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Mixed-up Trees: the Structure of Phylogenetic Mixtures

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In this paper, we apply new geometric and combinatorial methods to the study of phylogenetic mixtures. The focus of the geometric approach is to describe the geometry of phylogenetic mixture distributions for the two state random cluster model, which is a generalization of the two state symmetric (CFN) model. In particular, we show that the set of mixture distributions forms a convex polytope and we calculate its dimension; corollaries include a simple criterion for when a mixture of branch lengths on the star tree can mimic the site pattern frequency vector of a resolved quartet tree. Furthermore, by computing volumes of polytopes we can clarify how “common” non-identifiable mixtures are under the CFN model. We also present a new combinatorial result which extends any identifiability result for a specific pair of trees of size six to arbitrary pairs of trees. Next we present a positive result showing identifiability of rates-across-sites models. Finally, we answer a question raised in a previous paper concerning “mixed branch repulsion” on trees larger than quartet trees under the CFN model.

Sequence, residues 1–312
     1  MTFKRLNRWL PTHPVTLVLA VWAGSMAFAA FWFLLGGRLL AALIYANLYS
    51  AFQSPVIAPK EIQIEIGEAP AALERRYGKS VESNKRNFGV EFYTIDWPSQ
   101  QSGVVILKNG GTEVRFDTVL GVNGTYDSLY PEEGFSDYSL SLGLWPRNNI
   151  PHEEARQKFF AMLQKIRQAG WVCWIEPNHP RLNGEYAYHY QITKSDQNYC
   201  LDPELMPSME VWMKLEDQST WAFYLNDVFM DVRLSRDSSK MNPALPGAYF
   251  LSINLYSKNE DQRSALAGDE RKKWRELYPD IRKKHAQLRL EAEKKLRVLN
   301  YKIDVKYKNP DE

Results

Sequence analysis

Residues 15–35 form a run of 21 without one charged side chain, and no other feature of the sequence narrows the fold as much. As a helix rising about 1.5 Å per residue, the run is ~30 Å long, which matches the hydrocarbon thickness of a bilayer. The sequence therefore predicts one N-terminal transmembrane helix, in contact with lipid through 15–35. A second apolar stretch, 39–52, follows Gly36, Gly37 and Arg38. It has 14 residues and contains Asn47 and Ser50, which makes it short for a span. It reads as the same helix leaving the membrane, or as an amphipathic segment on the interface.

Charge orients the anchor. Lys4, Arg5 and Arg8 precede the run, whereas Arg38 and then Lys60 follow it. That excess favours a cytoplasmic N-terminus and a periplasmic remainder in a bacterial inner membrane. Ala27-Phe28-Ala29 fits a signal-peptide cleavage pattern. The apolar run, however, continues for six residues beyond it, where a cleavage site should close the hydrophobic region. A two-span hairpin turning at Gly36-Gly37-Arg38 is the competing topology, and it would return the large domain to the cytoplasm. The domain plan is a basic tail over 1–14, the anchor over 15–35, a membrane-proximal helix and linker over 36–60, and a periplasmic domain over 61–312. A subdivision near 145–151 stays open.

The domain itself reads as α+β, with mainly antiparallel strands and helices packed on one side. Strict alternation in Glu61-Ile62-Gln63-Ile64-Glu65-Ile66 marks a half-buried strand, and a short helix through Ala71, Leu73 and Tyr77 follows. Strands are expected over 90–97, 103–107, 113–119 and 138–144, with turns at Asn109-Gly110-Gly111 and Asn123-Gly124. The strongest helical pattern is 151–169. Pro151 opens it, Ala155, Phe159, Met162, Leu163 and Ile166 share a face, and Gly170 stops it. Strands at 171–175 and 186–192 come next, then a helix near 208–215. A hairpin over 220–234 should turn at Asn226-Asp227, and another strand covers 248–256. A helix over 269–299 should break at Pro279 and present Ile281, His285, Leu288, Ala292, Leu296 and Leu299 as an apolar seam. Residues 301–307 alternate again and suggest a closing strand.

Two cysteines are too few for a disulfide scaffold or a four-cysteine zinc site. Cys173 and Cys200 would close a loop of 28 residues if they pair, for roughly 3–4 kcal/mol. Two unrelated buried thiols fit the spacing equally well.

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Correspondence to Frederick A. Matsen.

Additional information

F.A. Matsen’s and M. Steel’s research was supported by the Allan Wilson Centre for Molecular Ecology and Evolution.

E. Mossel’s research was supported by a Sloan fellowship in Mathematics, NSF awards DMS 0528488 and DMS 0548249 (CAREER) and by ONR grant N0014-07-1-05-06.

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Matsen, F.A., Mossel, E. & Steel, M. Mixed-up Trees: the Structure of Phylogenetic Mixtures. Bull. Math. Biol. 70, 1115–1139 (2008).

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